He has lived in Mt. Gretna since the early 1970s and retired 15 years ago as a teacher of science, geography and history at Northern Lebanon High School. Since his wife died five years ago, Mr. Spangler has lived alone. His apartment includes paintings he himself has done, a collection of German fraktur , classical recordings and his writing pad, which he keeps by his favorite chair. A former organist, he enjoys the Chautauqua organ series recital series which resumes this month.
   He says of his new life alone with only his music and poetry, "I have my fields in the front yard, a dense forest in my backyard and culture in downtown Mt. Gretna. The best of three worlds."







Melvin P. Spicer, Jr. (1939-2014)

   Mel Spicer, who lived quietly along Timber Road and had been a member of the former Mt. Gretna Rotary Club, lived his life in accordance with Rotary International's 4-Way Test.  He concentrated on the good and went out of his way to compliment and support others. For many years, after each issue of this monthly newsletter, he sent us a cheerful note, often as not to express sincere appreciation for keeping him up with the news in Mt. Gretna.
  A U.S. Army veteran, former textile industry executive and consultant to Lebanon Valley Engraving, he is survived by his wife of 52 years, Paula Harris Spicer, two sons, two brothers and a sister. A complete obituary appears

Robert A. Krueger (1919 - 2014)

Wearing a hat and a smile that became his trademarks before he moved from Mt. Gretna three years ago, Bob Krueger with friends Jeanine and Jack Bitner, who died in 2008, and (in foreground) former Badtorf Avenue residents Margaret and Bob Smith, now also deceased.                                                                        Photo courtesy of Trish Lamont 

    Bob Krueger, a Chicago native who lived for a number of years in the Timber Hills neighborhood of Timber Cove before moving to Moravian Manor in Lititz, died May 19. A frequent patron of Le Sorelle Cafe and fondly remembered by Trish Lamont, mother of the daughters who once owned the restaurant, he was 94.
 A World War II Army veteran, he had been a member of Trinity Lutheran Church in Colebrook and was an honorary life member of the Lions Club. He was married to the late Mary Mueller Krueger who died in 2011. A complete obituary appears



























































Morning dew at Soldiers Field




Tuesday, July 1:

The Canadian Brass opens Music at Gretna's summer series at the Playhouse tonight, 7:30 pm. As this issue closed yesterday, a few seats were still available. Click here.    


Thursday-Saturday, July 3-5:  


Grand Illumination throughout Mt. Gretna in an Independence Day weekend celebration from Bridge and Timber Hills to the Heights, Chautauqua and Campmeeting. 


Thursday, July 3:

Organ Recital series begins, 7 pm


Friday, July 4:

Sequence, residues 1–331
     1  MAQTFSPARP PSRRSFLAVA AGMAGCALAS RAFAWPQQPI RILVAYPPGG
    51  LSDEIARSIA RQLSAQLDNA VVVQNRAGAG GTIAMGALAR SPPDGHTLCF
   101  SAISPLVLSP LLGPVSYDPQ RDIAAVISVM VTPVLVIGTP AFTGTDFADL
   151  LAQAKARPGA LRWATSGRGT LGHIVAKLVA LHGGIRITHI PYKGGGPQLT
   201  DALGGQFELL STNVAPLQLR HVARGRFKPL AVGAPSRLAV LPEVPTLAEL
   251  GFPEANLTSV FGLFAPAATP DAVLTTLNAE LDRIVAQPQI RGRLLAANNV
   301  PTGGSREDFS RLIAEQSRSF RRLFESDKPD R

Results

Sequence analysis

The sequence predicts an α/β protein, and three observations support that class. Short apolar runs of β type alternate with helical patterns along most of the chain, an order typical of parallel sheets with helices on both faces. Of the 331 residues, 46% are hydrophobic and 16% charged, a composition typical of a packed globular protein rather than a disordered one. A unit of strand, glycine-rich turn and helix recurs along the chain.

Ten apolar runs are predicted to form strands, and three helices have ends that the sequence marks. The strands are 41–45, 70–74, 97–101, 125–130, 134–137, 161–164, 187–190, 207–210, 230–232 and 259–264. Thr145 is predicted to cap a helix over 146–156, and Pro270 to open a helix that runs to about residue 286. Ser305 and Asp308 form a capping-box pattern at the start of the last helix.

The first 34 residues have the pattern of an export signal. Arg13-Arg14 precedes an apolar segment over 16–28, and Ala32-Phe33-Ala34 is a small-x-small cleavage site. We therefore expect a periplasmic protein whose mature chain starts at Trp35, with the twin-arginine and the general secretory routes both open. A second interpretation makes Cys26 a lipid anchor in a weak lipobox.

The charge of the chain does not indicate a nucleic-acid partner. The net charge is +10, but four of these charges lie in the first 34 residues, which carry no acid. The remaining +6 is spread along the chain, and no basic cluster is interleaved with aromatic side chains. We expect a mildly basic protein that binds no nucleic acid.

Patriotic music in the Playhouse with the Rehrersburg Band, 7 pm.
Saturday, July 5:

Note: Previously scheduled Campmeeting Children's Carnival has been canceled.  


Fairy Garden Parade, starts from the Hall of Philosophy, 10 am.

Heritage Festival Stardust Memories, Tabernacle 7 pm   


New Black Eagles jazz band at the Playhouse, 7:30 pm 

Sunday, July 6:

Worship services for Mt. Gretna United Methodist Church begin summer schedule in the Tabernacle, 10:00 am. Services also in the sanctuary at 8:30 am.


Jazz Worship Service with New Black Eagles, Playhouse 11 am

Music of Prokofiev, Tchaikovsky and Mussorgsky with pianist Liza Stepanova and the Lysander Trio at the Playhouse, Music at Gretna, Playhouse 7:30 pm.


Thursday, July 10 - 20:

Moon over Buffalo starts at the Playhouse, 7:30 pm


Tuesday, July 8 - Aug. 30:
"Applause!"  musical review opens at the Timbers Dinner Theatre, with buffet lunch or dinner.

Friday, July 11:
"The Coghlan Years" a Gretna Theatre retrospective with Jack Graham, Hall of Philosophy, 7:30 pm Friday shifts to the 2nd Friday this month at art galleries, studios and restaurants throughout Mt. Gretna in a walking tour that begins around 5 pm. Music, refreshments and "meet-the-artist" opportunities abound.

Click here for Notices sent by participating sites as we went to press 


Saturday, July 12:   

Writers Series  Gabriel Sherman, author of "The Loudest Voice in the Room" isn't a Fox News fan, and his biography of Roger Ailes will leave even devoted Republicans scratching their heads. Hall of Philosophy, 10 am.

Chautauqua Grounds History Walk with Ron Hontz, Mt. Gretna Information Center, 11 am.

The Swarrs' remarkable gift (see story this issue): Erica Lyn Everest and her band at the Tabernacle, 2 to 4 pm.

Full Moon Hike at Governor Dick Park, $3 per person.  8 pm

SATURDAY, July 19:
University for a Day at the Chautauqua, 8:30 am. click here
SUNDAY, July 20:
Butterflies through Binoculars at Gov. Dick Park.  Fritz Heilman helps identify these magic flyers. 2:30 pm

Ballet music of Prokofiev and Tchaikovsky as Music at Gretna's summer salute to Russian music shifts to the Ware Center as part of the Lancaster International Piano Festival. 7:30 pm.

WEDNESDAYS, July 23 - Aug. 13:
Wacky Wednesdays for kindergarteners thru 6th graders. Try Ping Pong Paddle Panic, The Plumbers Nightmare Relay, Drip Drop Splat, and Wacky Water Golf. . . a ton of fun at Mt. Gretna United Methodist Church, 6:30 to 8 pm.


THURSDAY, July 24 - Aug. 2:

Little Shop of Horrors starts at the Playhouse, 7:30 pm

SATURDAY, July 26:

Writers Series: New York Times best-selling author and former Mt. Gretnan Elizabeth Wien at the Hall of Philosophy, 10:30 am 

Campmeeting annual picnic; New location this year: The 12-2 pm picnic at the fire hall will be followed by the annual meeting at 3 pm with Board of Managers election immediately afterwards. Bring covered dish, salad or dessert. Hot dogs, BBQ and drinks provided. 


Men's Tennis Tournament begins, 4 pm

SUNDAY, July 27:
Basic'ly Brass, from Mt. Gretna United Methodist Church, performs at the 10 am service in the Tabernacle.  


Don't forget:

Mt. Gretna's new year-round calendar appears online, a service of the Mt. Gretna Arts Council.